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RETURN TO FLIGHT
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STS-114 CREW AND MISSION
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LAUNCH AND LANDING
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The Space Shuttle processing flow begins at the end of each mission, when the orbiter lands at Kennedy or arrives back at Kennedy following a landing at an alternate landing site.


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MISSION INFORMATION
Payload and Launch Processing

07.25.05

25 July 2005
Space Shuttle Discovery is at Launch Pad 39B undergoing final inspections and preparations for tomorrow's Return to Flight launch attempt at 10:39 a.m. to the International Space Station. The countdown clock is in a scheduled built-in hold at T-11 hours (Time Minus 11 hours) and will pick up at 5:44 p.m. EDT tonight.

Loading of the Power Reactant Storage Distribution system is complete. This is the operation where the liquid hydrogen and liquid oxygen for the fuel cells is loaded on Discovery. The fuel cells provide power to the electrical systems while the Shuttle is in orbit. The byproduct is drinking water. The Rotating Service Structure will be rotated away from Discovery this afternoon at 1:30 p.m. in preparation for launch.

The STS-114 crew arrived at Kennedy Space Center on Friday. Since Friday, Commander Eileen Collins and Pilot Jim Kelly have been practicing orbiter approaches and landings in the Shuttle Training Aircraft. The crew is scheduled to wake up just after midnight tonight and will leave Crew Quarters for the launch pad at 6:49 a.m. tomorrow.

Solid Rocket Booster retrieval ships Liberty Star and Freedom Star departed from KSC yesterday and are traveling to their location for launch, about 140 nautical miles downrange of the launch pad.

Today, the L-1 day weather forecast shows that the probability of weather prohibiting the launch of Discovery is 40 percent, with the probability of weather prohibiting tanking at only five percent. Temperature at launch time is forecast at 84 degrees and a relative humidity of 77 percent.

14 July 2005
Space Shuttle managers say the launch of NASA's Space Shuttle Return to Flight mission, STS-114, will take place no earlier than Sunday, July 17. If Space Shuttle Discovery does launch Sunday, it would lift off at 2:14 p.m. EDT.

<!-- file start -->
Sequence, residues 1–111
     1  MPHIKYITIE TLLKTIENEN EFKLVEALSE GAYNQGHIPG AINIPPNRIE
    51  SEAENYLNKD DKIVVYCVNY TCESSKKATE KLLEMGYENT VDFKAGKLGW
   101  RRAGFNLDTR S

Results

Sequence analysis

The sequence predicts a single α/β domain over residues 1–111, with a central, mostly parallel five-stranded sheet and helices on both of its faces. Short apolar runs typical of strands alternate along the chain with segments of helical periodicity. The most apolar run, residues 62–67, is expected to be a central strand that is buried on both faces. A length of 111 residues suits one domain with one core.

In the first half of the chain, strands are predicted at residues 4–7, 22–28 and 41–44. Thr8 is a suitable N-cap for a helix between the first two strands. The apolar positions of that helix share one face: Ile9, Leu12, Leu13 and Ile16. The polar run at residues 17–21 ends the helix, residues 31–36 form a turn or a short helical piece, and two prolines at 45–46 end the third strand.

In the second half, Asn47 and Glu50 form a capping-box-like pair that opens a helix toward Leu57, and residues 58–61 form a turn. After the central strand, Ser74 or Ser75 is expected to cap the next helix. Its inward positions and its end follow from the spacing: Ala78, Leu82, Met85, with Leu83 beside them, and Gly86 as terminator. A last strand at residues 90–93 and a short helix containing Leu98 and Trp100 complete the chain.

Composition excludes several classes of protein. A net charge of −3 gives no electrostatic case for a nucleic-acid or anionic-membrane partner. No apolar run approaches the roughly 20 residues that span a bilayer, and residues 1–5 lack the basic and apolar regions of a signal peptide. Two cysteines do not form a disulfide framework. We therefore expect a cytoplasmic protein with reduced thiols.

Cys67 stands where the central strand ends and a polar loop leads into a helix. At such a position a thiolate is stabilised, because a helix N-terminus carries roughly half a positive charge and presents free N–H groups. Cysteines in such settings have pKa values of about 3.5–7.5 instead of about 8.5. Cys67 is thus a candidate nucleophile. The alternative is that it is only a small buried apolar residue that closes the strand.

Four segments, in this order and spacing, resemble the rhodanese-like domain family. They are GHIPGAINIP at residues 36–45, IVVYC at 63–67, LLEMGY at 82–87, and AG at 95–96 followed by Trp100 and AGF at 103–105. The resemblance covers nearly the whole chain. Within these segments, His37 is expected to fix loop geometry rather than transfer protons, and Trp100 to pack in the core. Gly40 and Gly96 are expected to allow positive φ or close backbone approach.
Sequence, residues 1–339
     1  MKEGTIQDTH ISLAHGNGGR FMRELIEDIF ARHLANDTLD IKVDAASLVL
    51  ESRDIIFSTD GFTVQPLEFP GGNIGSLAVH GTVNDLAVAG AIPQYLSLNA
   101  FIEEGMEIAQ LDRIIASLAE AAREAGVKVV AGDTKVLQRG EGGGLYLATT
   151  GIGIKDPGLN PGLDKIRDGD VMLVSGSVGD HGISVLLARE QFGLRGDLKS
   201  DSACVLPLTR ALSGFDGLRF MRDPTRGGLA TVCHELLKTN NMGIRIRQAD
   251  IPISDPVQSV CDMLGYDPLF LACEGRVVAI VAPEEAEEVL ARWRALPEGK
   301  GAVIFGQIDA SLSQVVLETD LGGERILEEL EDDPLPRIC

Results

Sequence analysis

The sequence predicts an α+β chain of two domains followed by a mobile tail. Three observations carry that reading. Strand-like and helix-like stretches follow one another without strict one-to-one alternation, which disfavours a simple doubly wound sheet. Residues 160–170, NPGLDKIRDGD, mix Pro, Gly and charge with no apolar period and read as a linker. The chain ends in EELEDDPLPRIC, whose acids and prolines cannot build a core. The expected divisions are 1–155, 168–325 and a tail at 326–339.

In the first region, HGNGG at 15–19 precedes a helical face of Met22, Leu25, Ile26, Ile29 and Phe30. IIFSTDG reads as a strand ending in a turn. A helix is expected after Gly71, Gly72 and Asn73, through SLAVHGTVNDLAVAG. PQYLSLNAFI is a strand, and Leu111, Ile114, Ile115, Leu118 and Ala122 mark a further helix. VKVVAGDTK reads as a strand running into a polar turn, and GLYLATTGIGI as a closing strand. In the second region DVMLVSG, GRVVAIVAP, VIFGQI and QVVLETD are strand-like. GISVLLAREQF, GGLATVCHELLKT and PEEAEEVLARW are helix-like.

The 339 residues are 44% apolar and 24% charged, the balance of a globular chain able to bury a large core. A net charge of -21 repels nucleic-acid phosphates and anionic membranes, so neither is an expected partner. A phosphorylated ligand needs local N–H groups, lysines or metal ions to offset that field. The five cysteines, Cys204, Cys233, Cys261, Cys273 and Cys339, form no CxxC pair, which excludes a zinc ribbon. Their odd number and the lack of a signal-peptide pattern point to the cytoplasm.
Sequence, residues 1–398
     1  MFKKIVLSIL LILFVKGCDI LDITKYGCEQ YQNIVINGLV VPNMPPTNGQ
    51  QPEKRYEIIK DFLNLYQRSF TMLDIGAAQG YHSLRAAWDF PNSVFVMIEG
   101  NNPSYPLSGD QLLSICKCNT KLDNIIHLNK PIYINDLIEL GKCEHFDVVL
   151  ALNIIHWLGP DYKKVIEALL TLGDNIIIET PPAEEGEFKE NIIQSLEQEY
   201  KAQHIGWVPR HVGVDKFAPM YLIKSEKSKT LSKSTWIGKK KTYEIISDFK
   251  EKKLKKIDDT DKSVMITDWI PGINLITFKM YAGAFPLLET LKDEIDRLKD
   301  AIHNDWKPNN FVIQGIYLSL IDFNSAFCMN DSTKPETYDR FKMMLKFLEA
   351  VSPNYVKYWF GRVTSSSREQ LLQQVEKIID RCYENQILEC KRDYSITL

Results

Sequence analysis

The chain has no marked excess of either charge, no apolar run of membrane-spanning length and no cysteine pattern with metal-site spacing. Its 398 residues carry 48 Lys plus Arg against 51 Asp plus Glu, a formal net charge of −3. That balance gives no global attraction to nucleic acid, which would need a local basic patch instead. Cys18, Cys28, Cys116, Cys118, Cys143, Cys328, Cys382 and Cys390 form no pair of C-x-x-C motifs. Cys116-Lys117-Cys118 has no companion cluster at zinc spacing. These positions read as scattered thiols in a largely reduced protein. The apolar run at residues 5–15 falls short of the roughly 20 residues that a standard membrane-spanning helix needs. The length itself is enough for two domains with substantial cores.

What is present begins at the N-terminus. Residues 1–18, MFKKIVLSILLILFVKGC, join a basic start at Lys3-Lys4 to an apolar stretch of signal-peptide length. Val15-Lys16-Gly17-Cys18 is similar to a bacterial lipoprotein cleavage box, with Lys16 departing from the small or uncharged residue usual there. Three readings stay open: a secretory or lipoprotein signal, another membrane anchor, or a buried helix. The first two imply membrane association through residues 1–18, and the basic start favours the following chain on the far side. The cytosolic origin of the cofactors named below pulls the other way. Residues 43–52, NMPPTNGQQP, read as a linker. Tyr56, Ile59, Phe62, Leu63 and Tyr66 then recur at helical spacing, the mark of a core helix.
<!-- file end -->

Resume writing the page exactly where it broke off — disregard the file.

Mission Management Team and engineering meetings took place last night and today at NASA's Kennedy Space Center. Team members reviewed data and possible troubleshooting plans for the liquid hydrogen tank low-level fuel cut-off sensor. The sensor failed a routine prelaunch check during the launch countdown yesterday afternoon, causing mission managers to scrub Discovery's first launch attempt. The sensor protects the Shuttle's main engines by triggering their shutdown in the event fuel runs unexpectedly low. The sensor is one of four inside the liquid hydrogen section of the External Tank (ET).

A new official launch date will be scheduled once a troubleshooting plan is complete and engineers are working on a solution. Space Shuttle Program managers plan a series of meetings tomorrow to discuss the problem and finalize the troubleshooting plan.

The launch control team began troubleshooting while the liquid oxygen and liquid hydrogen were drained from the ET last night. The No. 2 liquid hydrogen sensor in the External Tank's liquid hydrogen tank continued to read "wet" and did not transition to a "dry" indication once the tank was completely drained. Following detanking operations, the same commands that were sent during the launch countdown were repeated while draining. While going through commands, sensor No. 2 continued to show "wet" instead of "dry." The firing room then reissued commands and the sensor went to "dry" as it should have. Another round of commands was sent and sensor No. 2 performed as expected, with all sensors in the "dry" state.

Space Shuttle Discovery remains at Launch Pad 39B. The Rotating Service Structure was rotated back around the vehicle last night.